Dutch to Miss Deficit Target Despite More Austerity

More spending cuts and tax increases will more allow the Netherlands to keep its deficit under 3 percent.

Dutch finance minister Jeroen Dijsselbloem answers a reporters' question in Brussels, February 11
Dutch finance minister Jeroen Dijsselbloem answers a reporters’ question in Brussels, February 11 (The Council of the European Union)

Dutch Labor Party leaders on Tuesday said the country would deliberately miss Europe’s 3 percent deficit target next year as the government announced €6 billion more in spending cuts and tax increases.

Labor had been critical of the deficit limit that is enshrined in the eurozone’s fiscal treaty but Prime Minister Mark Rutte’s liberals, who formed a coalition with the party late last year, insisted on deeper cuts to meet the goal, if not to prevent the national debt from rising further than to preserve the country’s credibility in the rest of Europe.

Rutte’s previous government was seen as one of the most hawkish in the European currency union when indebted peripheral member states requested leniency to bring their deficits below the treaty maximum. The European Commission earlier this year, however, gave both France and Spain more time as well to reduce their shortfalls to below 3 percent of gross domestic product.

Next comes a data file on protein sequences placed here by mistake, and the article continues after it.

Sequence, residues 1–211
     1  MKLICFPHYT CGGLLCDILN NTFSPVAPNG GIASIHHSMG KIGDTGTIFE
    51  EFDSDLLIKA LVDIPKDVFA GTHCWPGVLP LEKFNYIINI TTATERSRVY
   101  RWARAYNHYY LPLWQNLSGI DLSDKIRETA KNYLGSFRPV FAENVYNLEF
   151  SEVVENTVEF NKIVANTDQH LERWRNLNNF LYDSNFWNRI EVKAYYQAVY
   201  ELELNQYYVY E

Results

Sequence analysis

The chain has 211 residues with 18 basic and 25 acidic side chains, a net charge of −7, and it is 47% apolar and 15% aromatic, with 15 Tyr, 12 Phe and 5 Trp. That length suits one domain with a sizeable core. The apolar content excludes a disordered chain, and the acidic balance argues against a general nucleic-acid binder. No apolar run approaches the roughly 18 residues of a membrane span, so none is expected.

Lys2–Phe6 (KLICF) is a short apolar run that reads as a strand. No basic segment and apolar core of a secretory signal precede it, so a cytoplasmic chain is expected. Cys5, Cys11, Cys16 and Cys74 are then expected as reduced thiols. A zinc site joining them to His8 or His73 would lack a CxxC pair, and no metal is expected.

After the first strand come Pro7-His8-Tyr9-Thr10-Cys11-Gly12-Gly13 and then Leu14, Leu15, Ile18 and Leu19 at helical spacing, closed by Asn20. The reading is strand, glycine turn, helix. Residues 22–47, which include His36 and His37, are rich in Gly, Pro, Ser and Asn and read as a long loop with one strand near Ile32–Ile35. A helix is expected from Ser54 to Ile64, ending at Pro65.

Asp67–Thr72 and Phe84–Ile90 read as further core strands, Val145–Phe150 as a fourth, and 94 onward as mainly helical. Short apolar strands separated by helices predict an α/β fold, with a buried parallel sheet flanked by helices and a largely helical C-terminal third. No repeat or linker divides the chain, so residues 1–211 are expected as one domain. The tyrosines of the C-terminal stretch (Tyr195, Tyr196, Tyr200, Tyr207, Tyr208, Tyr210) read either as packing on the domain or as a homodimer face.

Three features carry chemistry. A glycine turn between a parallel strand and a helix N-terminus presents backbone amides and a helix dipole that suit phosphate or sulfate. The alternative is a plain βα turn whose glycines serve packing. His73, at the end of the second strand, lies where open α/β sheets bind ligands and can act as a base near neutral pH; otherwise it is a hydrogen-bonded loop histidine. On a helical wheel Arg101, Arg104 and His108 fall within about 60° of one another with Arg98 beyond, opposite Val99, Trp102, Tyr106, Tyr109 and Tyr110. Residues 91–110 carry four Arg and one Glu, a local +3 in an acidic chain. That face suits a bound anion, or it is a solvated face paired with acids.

Among the austerity measures announced on behalf of the government by the Netherlands’ King Willem-Alexander on Tuesday were higher taxes on alcohol and diesel and a surtax on incomes above €150,000 to raise €500 million more in revenue. Most civil servants’ pay is to remain frozen for another year while departments’ budgets will not rise with inflation, providing a total of €1.3 in savings.

The Netherlands, otherwise seen as an economically competitive and fiscally sound member of the eurozone, is now among the worst performers in the currency union. Its economy contracted .2 percent in the last quarter while the eurozone’s as a whole grew .3 percent. The nation’s Bureau for Economic Policy Analysis expects 1.25 percent negative growth for the whole of 2013 and growth under 1 percent next year.

With unemployment as 8.8 percent, more than double it was before the financial crisis, and corporate bankruptcies rising, most opposition parties call on the government to change policy. But whereas the far-left Socialists, Labor’s main electoral rivals, criticize social welfare cuts — even as total welfare spending continues to rise — the Christian Democrats and nationalist Freedom Party, who are vying for the same right-wing voters as Rutte’s liberals, strongly oppose the tax increases which they believe have undermined the country’s economic recovery.

The most recent opinion survey gives the ruling parties just thirty seats in the lower chamber of parliament where they currently hold 79. The Freedom Party, which is also highly Euroskeptical, would more than double its seats.

In the upper chamber, the coalition does not have a majority and would have to rely on opposition support to enact legislation.

Tuesday’s budget also included almost €350 worth of additional defense cuts but did reserve €4 billion in long-term spending to replace the Netherlands’ aging fleet of F-16 fighter jets with 37 F-35 Joint Strike Fighters.